Categories: Empowerment

Profit from pigs

Mahuhudi Masipa of Zuurbekom in Johannesburg’s West Rand left the corporate world to become a pig farmer in 2009. She…

Farmers have to work hard – and smart too. They have to conduct research, plan carefully, keep track of finances, and be able to adapt when things go wrong. In this way, farming is just like any business.

Mahuhudi Masipa certainly believes this, and it shows in the efficient way she runs her piggery, which operates with 40 pigs on a 2,5ha plot leased since 2009. She also has a background in business, having worked in finance and marketing in the SA branch of a French engineering company before being retrenched. But although her business is doing fairly well, this 31-year-old has set her sights higher – she wants to become a successful commercial pig and koi fish farmer.

“I’ve made an offer to buy a farm in Magaliesburg from a retired farmer, who also farms with koi,” she says. As soon as her application for funding from the Department of Rural Development and Land Reform is granted, she plans to start making her dream come true.

Inspired
The only girl of four children, Mahuhudi surprised her parents, Matome and Dineo, when she decided to become a farmer. “I didn’t anticipate her lasting this long,” admits Matome. “But she’s proved me wrong.”

“Farming comes from my mum,” says Mahuhudi. Dineo had a general dealer’s store but closed it after several robberies and concentrated on small-scale farming instead. She grew vegetables and had a few broilers and turkeys, and also launched the highly successful Zama-Zama agricultural study group.

“I helped her during school holidays,” recalls Mahuhudi. But she soon discovered that her real interest didn’t lie in vegetables or chickens, but in pigs! There was a pig farm next door where the owner, Mxolisi Mabutu, had a mini abattoir and sold pork to the public. Mahuhudi found herself spending more and more time there, learned a great deal, and bought her first pig in 2008.

On her own
Later that year, Mxolisi fell ill and was unable to run his business, so Mahuhudi arranged to take over the facilities until his health improved. As these had not been used for a while, she cleaned the pens, scrubbing the floors herself. She then brought in the boar she had been keeping at a friend’s farm and bought six sows for breeding.

A few months later, Mahuhudi suffered her first setback when four pigs died. She arranged for an autopsy and found they had been infested with worms – which showed that the pens had not been disinfected properly. It was an important lesson: good hygiene is critical with animals as sensitive as pigs.

Learning more
After the disaster, Mahuhudi was left with two sows and the boar, and realised she had to learn much more about her animals. “I read everything I could get my hands on,” she recalls. She also asked other pig farmers for advice and got to know the local feed and veterinary suppliers.

Mahuhudi bought three more sows and started breeding them at eight months. This time, the pigs did well. But feeding them was expensive and after a while she found herself short of money. So she decided to sell a few pigs. “I’d heard about animal auctions but had never been to one before. And that’s how one can get into trouble – through a lack of knowledge,” she says.

She took a few of her best pigs to the auction, thinking she was going to make good money. But she quickly discovered that the prices were much lower than she’d imagined, and believes that buyers work with each other to keep prices low. “Most people bring animals that are rejected at other markets to auctions as a last resort,” she explains, noting that auctions are the best places to buy, but not to sell.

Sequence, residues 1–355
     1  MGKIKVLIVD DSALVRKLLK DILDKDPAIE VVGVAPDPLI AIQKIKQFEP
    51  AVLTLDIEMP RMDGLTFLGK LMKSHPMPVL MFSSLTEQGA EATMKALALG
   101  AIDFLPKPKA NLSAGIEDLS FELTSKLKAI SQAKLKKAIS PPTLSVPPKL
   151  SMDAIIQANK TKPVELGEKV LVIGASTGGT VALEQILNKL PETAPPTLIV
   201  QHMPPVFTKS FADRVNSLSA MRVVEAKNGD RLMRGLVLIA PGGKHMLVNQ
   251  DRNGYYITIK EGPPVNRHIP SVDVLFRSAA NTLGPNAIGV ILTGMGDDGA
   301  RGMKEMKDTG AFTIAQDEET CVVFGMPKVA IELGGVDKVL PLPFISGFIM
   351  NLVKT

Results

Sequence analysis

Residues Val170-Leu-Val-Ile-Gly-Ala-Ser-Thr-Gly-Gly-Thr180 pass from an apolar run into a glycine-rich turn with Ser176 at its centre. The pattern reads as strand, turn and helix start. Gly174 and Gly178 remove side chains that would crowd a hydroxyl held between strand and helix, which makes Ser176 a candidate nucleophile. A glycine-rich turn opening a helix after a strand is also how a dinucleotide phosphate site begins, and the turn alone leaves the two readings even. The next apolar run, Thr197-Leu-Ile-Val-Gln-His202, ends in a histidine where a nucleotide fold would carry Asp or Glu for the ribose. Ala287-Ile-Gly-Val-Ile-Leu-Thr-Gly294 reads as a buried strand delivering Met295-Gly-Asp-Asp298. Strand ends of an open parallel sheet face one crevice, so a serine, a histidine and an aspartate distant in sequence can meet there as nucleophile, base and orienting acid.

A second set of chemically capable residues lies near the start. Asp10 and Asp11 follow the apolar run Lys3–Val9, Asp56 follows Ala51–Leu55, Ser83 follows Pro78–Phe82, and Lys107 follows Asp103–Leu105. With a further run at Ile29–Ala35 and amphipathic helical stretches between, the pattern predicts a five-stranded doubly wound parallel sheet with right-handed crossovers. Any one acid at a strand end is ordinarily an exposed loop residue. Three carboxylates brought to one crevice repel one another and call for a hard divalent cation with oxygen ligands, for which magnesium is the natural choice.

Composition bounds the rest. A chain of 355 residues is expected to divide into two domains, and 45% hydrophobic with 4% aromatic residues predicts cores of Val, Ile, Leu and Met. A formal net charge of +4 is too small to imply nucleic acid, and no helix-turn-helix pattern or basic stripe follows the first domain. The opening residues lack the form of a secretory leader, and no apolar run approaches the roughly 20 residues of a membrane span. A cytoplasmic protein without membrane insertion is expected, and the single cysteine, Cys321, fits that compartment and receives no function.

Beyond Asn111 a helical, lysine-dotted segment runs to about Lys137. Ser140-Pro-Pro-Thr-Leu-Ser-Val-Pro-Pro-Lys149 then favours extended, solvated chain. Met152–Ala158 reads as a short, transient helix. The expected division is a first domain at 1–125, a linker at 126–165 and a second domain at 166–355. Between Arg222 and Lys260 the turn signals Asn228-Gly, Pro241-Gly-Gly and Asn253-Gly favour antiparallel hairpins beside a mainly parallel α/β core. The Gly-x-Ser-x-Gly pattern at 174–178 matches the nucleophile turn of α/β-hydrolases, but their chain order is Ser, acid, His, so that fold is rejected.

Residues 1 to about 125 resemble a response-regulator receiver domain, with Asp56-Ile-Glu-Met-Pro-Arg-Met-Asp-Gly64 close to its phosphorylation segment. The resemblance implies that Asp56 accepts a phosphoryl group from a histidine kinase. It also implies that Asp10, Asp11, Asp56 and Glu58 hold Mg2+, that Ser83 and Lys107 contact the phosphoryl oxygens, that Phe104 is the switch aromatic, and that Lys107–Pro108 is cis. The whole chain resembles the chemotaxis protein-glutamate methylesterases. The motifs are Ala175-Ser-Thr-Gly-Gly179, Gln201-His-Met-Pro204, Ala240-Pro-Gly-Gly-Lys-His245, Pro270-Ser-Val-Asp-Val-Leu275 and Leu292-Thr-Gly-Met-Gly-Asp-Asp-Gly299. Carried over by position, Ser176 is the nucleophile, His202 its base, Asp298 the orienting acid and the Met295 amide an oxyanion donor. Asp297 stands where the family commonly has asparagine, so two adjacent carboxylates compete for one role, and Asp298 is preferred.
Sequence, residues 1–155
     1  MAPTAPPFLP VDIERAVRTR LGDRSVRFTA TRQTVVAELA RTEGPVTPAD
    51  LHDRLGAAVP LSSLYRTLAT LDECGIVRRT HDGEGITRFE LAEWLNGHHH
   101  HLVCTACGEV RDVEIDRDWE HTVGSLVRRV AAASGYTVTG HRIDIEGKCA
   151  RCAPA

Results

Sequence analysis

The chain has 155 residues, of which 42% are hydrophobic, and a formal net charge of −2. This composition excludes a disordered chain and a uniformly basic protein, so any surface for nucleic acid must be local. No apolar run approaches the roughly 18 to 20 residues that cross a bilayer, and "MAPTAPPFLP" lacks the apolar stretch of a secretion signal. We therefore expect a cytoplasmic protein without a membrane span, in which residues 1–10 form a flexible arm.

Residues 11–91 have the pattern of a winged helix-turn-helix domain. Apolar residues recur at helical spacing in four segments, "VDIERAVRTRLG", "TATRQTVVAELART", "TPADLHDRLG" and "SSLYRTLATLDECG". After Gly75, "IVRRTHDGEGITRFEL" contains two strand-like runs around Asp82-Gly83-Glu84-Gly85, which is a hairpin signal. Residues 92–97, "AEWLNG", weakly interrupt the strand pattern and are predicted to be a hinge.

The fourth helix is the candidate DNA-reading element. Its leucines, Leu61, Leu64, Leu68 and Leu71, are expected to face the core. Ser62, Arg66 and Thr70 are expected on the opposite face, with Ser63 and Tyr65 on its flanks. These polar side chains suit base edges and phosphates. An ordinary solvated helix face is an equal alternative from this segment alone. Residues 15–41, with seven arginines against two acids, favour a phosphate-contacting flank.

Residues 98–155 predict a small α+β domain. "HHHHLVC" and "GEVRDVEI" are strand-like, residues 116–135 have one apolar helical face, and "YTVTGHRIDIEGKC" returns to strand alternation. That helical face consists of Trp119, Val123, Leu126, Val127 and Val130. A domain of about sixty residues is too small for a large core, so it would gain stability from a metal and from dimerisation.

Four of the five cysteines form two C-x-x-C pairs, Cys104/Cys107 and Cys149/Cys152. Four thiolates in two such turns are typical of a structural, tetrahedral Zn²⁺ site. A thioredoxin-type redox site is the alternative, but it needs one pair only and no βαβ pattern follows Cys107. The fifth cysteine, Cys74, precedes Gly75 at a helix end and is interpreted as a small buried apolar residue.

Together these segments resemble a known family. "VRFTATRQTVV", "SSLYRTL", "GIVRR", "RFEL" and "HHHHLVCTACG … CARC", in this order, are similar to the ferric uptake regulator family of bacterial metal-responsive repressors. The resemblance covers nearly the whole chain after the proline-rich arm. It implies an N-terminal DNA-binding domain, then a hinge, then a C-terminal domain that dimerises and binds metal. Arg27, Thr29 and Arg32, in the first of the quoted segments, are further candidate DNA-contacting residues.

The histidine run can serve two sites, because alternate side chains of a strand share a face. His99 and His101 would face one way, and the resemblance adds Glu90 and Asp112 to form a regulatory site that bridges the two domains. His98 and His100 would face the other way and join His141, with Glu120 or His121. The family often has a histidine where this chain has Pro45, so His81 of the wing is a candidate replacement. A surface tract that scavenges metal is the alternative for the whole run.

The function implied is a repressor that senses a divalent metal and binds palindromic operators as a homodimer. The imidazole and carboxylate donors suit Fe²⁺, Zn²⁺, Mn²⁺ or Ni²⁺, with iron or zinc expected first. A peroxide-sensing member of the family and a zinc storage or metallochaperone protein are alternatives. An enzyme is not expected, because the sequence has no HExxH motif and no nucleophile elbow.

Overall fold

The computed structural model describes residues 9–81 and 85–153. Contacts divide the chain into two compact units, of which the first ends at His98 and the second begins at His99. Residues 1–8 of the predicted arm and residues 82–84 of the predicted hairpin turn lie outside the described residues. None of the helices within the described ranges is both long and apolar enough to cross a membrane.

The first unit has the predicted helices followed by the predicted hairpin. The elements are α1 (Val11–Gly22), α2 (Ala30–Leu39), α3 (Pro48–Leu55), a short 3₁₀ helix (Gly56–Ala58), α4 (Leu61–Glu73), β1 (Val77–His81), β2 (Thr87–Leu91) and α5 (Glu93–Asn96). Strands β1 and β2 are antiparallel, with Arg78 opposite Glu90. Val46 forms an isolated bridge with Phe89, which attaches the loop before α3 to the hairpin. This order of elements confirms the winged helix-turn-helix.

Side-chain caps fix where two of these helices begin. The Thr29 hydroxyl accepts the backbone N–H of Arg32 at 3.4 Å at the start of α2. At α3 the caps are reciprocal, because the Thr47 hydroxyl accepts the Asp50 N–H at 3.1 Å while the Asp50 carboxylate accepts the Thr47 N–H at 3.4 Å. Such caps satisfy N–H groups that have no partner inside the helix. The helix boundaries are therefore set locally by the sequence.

Feeding pigs
Mahuhudi gives her pigs about 2kg of feed a day, but doubles this to 4kg a day for pregnant sows. At first she bought commercial feed, but after a while found it too expensive. Now she buys crushed yellow maize, pig mix, peanut flakes and lucerne from various suppliers and mixes her own feed. She also gives her animals green feed, such as lettuce, which she buys from the Johannesburg Fresh Produce Market.

She avoids giving them cabbage and tomatoes, though, as pigs are highly sensitive to acidic food. Her weaners get the same diet as the other pigs but with soya meal added. She admits this is not ideal but cannot afford better, and these rations have produced acceptable results. Mahuhudi spends up to R2 000 a month to feed her 40 pigs.

She weans her piglets when they are between three and four weeks and sells them when they’re about five months old at the Krugersdorp abattoir and also directly to the public. She has found that most customers prefer grown pigs to porkers. Mahuhudi says that many black people believe pigs are dirty animals, but that this simply isn’t true. She disinfects her pens regularly and always gives her pigs clean food.

Future plans
In late 2011, Mahuhudi and Mxolisi formed a business partnership, and Mahuhudi now holds a 49% stake in the piggery. In the meantime, she is revamping the pens and replacing much of her herd. “I’ve been doing a lot of research and have decided to buy a new stock of Large White sows from the Agricultural Research Council (ARC) in Irene,” she explains. “It is a very good breed and comes already impregnated.”

Although she’ll still keep a boar, she plans to make more use of artificial insemination to increase productivity. Part of the reason for improving production is the fact that the piggery has managed to secure a supply agreement with Pick n Pay, and Mahuhudi is determined to be able to deliver efficiently on this.

Contact Mahuhudi Masipa on 081 387 5232.

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Tags: businessfarmingjohannesburgpigsresearchzuurbekom

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